This week’s Sequence hymn, ‘How sweet the Name of Jesus sounds’, was written as an exposition of the Song of Songs 1.3, ‘Thy name is an an ointment poured forth’ – but as with many hymns, it is rich with scriptural references and imagery. Perhaps most striking is the list of epithets that makes up most of the fourth stanza: Shepherd, Guardian, Friend, Prophet, Priest, King, Lord, Life, Way, End. Most immediately relevant this week, however, is the second stanza, which echoes Our Lord’s invitation in Sunday’s Gospel to ‘come to me, all you that are weary and heavy-laden, and I will give you rest…’. The insight that the Name of Jesus is ‘manna to the hungry soul’ also brings comfort to us as the Sacrament remains unavailable.
The hymn was written by John Newton, the author of other beloved hymns including the very fine ‘Glorious things of thee are spoken’ and, most famously, ‘Amazing grace! how sweet the sound’. The latter reminds us that earlier in his life Newton served on, and eventually captained, slave ships, and even after his conversion to evangelical Christianity was involved in the slave trade for some time. Subsequently ordained in the Church of England, he became a popular preacher, and finally late in life he used his firsthand knowledge to argue publicly for the abolition of the African slave trade in the British Empire, which finally came just before his death in 1807.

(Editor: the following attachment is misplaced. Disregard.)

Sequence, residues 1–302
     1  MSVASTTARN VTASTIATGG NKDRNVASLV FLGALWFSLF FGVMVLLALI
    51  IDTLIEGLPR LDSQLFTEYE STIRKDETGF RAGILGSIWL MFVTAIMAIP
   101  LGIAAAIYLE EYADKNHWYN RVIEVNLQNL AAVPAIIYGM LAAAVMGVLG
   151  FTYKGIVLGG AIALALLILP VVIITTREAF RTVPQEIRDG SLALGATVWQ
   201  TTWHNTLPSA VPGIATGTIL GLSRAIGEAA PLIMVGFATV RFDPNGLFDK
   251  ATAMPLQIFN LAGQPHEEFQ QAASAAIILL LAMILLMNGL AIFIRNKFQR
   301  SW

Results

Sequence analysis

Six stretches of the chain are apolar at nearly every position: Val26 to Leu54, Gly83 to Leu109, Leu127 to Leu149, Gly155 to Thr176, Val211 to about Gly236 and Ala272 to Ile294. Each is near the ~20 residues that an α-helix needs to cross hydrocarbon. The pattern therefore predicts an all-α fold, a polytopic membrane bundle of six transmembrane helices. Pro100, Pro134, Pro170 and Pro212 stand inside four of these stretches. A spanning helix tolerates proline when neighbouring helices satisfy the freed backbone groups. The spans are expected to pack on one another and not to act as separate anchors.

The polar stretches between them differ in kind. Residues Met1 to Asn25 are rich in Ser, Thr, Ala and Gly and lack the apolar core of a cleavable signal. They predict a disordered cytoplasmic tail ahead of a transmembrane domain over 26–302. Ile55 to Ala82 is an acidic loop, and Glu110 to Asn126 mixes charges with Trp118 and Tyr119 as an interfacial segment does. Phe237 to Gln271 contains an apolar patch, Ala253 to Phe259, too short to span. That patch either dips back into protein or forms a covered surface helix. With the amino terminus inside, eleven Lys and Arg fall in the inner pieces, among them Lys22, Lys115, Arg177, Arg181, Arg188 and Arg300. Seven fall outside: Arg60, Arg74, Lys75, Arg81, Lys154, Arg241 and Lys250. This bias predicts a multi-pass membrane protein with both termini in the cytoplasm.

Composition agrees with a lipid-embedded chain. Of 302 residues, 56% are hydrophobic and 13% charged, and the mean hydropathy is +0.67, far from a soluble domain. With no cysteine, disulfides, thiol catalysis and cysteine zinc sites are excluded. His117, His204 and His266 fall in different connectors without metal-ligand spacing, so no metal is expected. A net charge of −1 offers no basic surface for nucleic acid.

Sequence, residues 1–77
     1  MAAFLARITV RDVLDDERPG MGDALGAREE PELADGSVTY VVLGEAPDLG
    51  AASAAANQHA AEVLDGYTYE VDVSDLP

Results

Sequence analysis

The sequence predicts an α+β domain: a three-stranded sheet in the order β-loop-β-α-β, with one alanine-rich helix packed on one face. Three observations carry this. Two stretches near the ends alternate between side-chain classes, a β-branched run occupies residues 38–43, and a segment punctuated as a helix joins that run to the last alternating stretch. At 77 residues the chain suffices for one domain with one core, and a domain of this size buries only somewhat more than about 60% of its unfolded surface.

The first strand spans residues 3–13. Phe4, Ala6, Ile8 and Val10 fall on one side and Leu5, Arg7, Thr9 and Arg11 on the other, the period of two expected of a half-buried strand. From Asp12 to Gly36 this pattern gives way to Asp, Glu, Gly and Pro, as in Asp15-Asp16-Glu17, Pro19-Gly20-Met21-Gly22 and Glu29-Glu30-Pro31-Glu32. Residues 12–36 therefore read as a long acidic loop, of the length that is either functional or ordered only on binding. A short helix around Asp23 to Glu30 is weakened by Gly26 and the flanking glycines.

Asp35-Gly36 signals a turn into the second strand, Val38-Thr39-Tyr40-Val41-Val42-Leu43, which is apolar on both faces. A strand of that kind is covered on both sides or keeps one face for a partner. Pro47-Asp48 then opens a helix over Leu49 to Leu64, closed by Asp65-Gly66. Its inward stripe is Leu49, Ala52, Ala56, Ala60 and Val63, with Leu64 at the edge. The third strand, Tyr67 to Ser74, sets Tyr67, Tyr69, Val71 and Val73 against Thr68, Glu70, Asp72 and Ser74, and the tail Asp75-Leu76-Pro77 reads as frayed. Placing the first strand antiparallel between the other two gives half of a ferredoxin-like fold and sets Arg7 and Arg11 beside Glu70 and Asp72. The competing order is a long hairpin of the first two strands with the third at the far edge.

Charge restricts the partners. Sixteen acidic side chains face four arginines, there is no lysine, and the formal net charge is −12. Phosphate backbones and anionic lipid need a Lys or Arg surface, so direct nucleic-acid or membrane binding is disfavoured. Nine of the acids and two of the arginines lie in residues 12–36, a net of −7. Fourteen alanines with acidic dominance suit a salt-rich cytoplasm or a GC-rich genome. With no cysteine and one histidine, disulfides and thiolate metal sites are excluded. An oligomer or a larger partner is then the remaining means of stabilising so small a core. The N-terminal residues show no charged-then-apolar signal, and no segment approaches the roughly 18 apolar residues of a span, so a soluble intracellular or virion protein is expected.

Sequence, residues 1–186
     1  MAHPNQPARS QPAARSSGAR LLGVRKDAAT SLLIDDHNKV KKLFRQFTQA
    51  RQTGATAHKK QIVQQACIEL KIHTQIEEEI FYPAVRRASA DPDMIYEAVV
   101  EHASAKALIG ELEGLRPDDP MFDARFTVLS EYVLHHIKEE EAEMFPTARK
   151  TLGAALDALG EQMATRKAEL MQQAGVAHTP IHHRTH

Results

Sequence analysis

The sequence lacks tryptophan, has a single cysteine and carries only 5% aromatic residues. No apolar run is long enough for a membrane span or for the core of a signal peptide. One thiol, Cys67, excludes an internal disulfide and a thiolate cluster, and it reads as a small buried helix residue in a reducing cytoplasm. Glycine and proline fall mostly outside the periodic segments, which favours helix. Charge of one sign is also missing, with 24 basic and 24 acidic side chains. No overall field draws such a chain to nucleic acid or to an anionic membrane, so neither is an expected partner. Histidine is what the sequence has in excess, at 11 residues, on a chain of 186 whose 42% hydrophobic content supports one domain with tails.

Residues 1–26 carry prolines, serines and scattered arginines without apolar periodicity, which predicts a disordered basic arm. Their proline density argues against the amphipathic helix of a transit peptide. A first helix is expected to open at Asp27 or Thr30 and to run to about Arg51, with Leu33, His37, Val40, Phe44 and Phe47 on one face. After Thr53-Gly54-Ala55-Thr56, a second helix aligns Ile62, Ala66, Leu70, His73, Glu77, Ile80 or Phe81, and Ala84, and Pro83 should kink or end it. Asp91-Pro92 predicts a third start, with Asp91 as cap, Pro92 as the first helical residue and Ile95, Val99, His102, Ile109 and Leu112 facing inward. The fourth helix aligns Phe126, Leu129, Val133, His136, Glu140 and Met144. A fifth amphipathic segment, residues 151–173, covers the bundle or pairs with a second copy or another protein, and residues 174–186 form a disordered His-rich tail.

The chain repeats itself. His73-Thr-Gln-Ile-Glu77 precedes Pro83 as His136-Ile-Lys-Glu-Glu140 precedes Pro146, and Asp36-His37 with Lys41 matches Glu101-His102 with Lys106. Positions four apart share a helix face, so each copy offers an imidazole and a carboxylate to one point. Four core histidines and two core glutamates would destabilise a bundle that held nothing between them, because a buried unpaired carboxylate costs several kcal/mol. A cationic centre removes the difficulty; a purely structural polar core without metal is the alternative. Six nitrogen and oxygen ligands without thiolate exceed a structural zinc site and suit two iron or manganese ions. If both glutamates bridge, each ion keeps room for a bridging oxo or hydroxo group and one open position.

As our society (we pray) continues to grapple with the ways in which it is still fundamentally shaped by the legacy of slavery – not to say of colonization – may Newton’s repentance and action inspire our own.